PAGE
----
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66 votes
logiccleversimple

In olden days you are a clever thief charged with treason against the king and sentenced to death. But the king decides to be a little lenient and lets you choose your own way to die. What way should you choose? Remember, you're clever!
I would have chosen to die of "old age". Did you?
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193 votes
logicsimplecleanclever

Your friend pulls out a perfectly circular table and a sack of quarters, and proposes a game. "We'll take turns putting a quarter on the table," he says. "Each quarter must lay flat on the table, and cannot sit on top of any other quarters. The last person to successfully put a quarter on the table wins." He gives you the choice to go first or second. What should you do, and what should your strategy be to win?
You should go first, and put a quarter at the exact center of the table. Then, each time your opponent places a quarter down, you should place your next quarter in the symmetric position on the opposite side of the table. This will ensure that you always have a place to set down our quarter, and eventually your oppponent will run out of space.
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95 votes
logicsimpleclever

Pirate Pete had been captured by a Spanish general and sentenced to death by his 50-man firing squad. Pete cringed, as he knew their reputation for being the worst firing squad in the Spanish military. They were such bad shots that they would often all miss their targets and simply maim their victims, leaving them to bleed to death, as the general's tradition was to only allow one shot per man to save on ammunition. The thought of a slow painful death made Pete beg for mercy. "Very well, I have some compassion. You may choose where the men stand when they shoot you and I will add 50 extra men to the squad to ensure someone will at least hit you. Perhaps if they stand closer they will kill you quicker, if you're lucky," snickered the general. "Oh, and just so you don't get any funny ideas, they can't stand more than 20 ft away, they must be facing you, and you must remain tied to the post in the middle of the yard. And to show I'm not totally heartless, if you aren't dead by sundown I'll release you so you can die peacefully outside the compound. I must go now but will return tomorrow and see to it that you are buried in a nice spot, though with 100 men, I doubt there will be much left of you to bury." After giving his instructions the general left. Upon his return the next day, he found that Pete had been set free alive and well. "How could this be?" demanded the general. "It was where Pete had us stand," explained the captain of the squad. Where did Pete tell them to stand?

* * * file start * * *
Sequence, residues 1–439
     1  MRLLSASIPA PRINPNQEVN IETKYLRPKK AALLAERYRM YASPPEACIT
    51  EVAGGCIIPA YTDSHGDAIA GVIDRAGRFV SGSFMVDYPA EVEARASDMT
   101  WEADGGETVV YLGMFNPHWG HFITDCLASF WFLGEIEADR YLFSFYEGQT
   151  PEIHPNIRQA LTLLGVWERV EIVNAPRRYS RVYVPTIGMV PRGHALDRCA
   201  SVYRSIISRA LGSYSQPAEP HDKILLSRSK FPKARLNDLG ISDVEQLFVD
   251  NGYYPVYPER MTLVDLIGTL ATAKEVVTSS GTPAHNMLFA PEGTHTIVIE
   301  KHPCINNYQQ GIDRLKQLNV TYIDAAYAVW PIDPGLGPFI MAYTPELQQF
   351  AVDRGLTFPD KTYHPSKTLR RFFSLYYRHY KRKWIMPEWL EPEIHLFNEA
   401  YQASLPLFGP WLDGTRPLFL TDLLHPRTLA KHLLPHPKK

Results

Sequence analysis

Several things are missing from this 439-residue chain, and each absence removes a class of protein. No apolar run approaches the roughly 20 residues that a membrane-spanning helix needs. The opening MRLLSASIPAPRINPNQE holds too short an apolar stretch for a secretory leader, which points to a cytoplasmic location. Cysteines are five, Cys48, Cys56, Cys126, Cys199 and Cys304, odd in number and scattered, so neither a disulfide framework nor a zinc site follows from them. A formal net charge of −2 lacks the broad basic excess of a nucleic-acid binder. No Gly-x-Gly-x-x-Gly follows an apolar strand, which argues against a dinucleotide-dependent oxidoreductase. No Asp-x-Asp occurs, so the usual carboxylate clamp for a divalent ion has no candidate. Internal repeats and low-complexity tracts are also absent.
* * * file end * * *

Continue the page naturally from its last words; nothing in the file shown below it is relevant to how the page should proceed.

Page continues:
Pete told them to form a circle around him. All the squad was facing in at Pete, ready to shoot, when they realized that everyone who missed would likely end up shooting another squad member. So no one dared to fire, knowing the risk. Thus at sundown he was released.
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89 votes